Key commodity prices for Australia remain significantly lower than earlier in the year, though trends have been more mixed over the past few months. The terms of trade have declined by about 15 per cent since the peak, to a level that is still historically high.
Sentiment in financial markets remains better than it was in mid year, in response to signs of progress in addressing Europe's financial problems, though Europe is likely to remain a source of instability for some time. Long-term interest rates faced by highly rated sovereigns, including Australia, remain at exceptionally low levels. Capital markets remain open to corporations and well-rated banks, and Australian banks have had no difficulty accessing funding, including on an unsecured basis. Borrowing conditions for large corporations are similarly attractive and share prices have risen since mid year.
In Australia, most indicators available for this meeting suggest that growth has been running close to trend over the past year, led by very large increases in capital spending in the resources sector, while some other sectors have experienced weaker conditions. Looking ahead, recent data confirm that the peak in resource investment is approaching. As it does, there will be more scope for some other areas of demand to strengthen.
Private consumption spending is expected to grow, but a return to the very strong growth of some years ago is unlikely. Available information suggests that the near-term outlook for non-residential building investment, and investment generally outside the resources sector, remains relatively subdued. Public spending is forecast to be constrained. On the other hand, there are indications of a prospective improvement in dwelling investment, with dwelling prices moving a little higher, rental yields increasing and building approvals having turned up.
Inflation is consistent with the medium-term target, with underlying measures at around 2½ per cent. The introduction of the carbon price affected consumer prices in the September quarter, and there could be some further small effects over the next couple of quarters. Partly as a result of that, headline CPI inflation will rise above 3 per cent briefly. Looking further ahead, with the labour market softening somewhat and unemployment edging higher, conditions are working to contain pressure on labour costs. A continuation of moderate wage outcomes and improved productivity performance will be needed to keep inflation low, since the effects on prices of the earlier exchange rate appreciation are now waning. The Bank's assessment remains that inflation will be consistent with the target over the next one to two years.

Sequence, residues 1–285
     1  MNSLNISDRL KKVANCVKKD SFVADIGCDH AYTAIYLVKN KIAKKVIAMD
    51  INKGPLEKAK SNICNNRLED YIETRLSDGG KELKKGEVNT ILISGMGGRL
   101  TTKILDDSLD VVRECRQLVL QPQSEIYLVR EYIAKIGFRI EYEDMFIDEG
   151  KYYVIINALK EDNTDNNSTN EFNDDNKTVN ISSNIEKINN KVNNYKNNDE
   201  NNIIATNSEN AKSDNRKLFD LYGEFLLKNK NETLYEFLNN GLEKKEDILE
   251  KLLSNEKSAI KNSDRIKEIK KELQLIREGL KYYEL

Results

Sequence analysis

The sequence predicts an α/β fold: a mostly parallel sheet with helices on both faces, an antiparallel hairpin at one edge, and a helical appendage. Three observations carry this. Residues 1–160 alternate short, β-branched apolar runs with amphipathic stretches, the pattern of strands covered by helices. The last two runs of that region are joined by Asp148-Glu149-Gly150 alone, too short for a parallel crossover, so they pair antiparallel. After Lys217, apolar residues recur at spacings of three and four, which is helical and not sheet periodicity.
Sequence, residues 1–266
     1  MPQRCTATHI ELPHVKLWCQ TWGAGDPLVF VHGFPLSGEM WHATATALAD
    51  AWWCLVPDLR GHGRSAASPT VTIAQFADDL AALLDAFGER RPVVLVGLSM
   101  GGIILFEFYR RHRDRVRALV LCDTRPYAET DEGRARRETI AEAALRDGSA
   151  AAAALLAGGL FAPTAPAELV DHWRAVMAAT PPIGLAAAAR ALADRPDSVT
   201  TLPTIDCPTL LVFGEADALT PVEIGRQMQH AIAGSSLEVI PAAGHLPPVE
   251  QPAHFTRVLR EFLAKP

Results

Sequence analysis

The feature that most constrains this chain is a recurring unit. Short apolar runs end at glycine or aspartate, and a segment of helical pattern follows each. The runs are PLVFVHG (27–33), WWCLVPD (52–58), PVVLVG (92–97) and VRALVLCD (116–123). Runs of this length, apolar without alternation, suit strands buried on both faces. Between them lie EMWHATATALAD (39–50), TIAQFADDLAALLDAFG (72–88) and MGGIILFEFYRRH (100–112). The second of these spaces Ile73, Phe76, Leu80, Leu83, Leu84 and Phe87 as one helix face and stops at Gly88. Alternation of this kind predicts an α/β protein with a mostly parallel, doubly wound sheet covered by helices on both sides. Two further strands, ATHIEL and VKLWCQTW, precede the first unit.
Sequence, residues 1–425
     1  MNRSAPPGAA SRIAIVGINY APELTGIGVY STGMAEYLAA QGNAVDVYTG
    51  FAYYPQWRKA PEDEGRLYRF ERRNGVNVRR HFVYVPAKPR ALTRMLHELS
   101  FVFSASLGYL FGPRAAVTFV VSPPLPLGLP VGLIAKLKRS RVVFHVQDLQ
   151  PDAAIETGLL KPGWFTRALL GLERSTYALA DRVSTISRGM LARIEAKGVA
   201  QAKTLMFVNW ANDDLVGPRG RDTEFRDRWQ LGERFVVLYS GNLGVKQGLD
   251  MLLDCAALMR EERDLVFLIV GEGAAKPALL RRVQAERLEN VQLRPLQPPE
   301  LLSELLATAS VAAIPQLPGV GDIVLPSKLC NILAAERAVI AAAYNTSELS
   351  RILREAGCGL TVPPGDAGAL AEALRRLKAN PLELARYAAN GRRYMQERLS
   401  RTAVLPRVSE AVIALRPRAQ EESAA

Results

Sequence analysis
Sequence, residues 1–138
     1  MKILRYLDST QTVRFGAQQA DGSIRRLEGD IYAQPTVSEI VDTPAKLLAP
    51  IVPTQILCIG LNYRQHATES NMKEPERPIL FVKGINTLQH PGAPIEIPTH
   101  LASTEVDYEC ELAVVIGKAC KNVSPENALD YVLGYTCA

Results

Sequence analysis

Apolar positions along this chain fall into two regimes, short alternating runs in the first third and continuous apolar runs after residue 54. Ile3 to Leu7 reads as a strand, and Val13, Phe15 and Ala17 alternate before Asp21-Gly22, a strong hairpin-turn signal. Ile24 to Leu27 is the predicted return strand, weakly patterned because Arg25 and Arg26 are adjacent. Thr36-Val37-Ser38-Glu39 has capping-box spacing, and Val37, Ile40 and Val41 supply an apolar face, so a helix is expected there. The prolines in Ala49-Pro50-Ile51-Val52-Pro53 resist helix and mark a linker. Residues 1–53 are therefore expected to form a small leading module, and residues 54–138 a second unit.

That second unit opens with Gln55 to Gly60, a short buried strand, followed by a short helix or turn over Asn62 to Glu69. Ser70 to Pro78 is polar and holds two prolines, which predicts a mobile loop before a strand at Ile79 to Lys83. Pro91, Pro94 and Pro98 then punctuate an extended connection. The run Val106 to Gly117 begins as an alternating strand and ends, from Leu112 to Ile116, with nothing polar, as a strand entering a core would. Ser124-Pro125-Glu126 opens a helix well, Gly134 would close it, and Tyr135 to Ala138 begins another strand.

Over the past year, monetary policy has become more accommodative. There are signs of easier conditions starting to have some of the expected effects, though the exchange rate remains higher than might have been expected, given the observed decline in export prices and the weaker global outlook. While the full effects of earlier measures are yet to be observed, the Board judged at today's meeting that a further easing in the stance of monetary policy was appropriate now. This will help to foster sustainable growth in demand and inflation outcomes consistent with the target over time.

Over here on the other side of the ditch it is easier to see the (somewhat entertaining) disconnect between the rhetoric from mining companies and the massive downturn in both investment and commodity prices, together with some rather dizzyingly steep falls in profit and investor confidence in the Australian commodities sector.

It's pointless visiting the mining companies to check out how they are doing - of course they are going to be bullish and upbeat. English should have saved the NZ taxpayer some wasted dollars and sat at home crunching the statistics from the last year on Australian commodities and reading some of the wel-researched analysis of the sector by Investment Banks and other financial houses that have a vested interest in knowing where the sector is going.

What a ridiculous waste of time and taxpayer money.

(oops clicked save twice and it saved twice)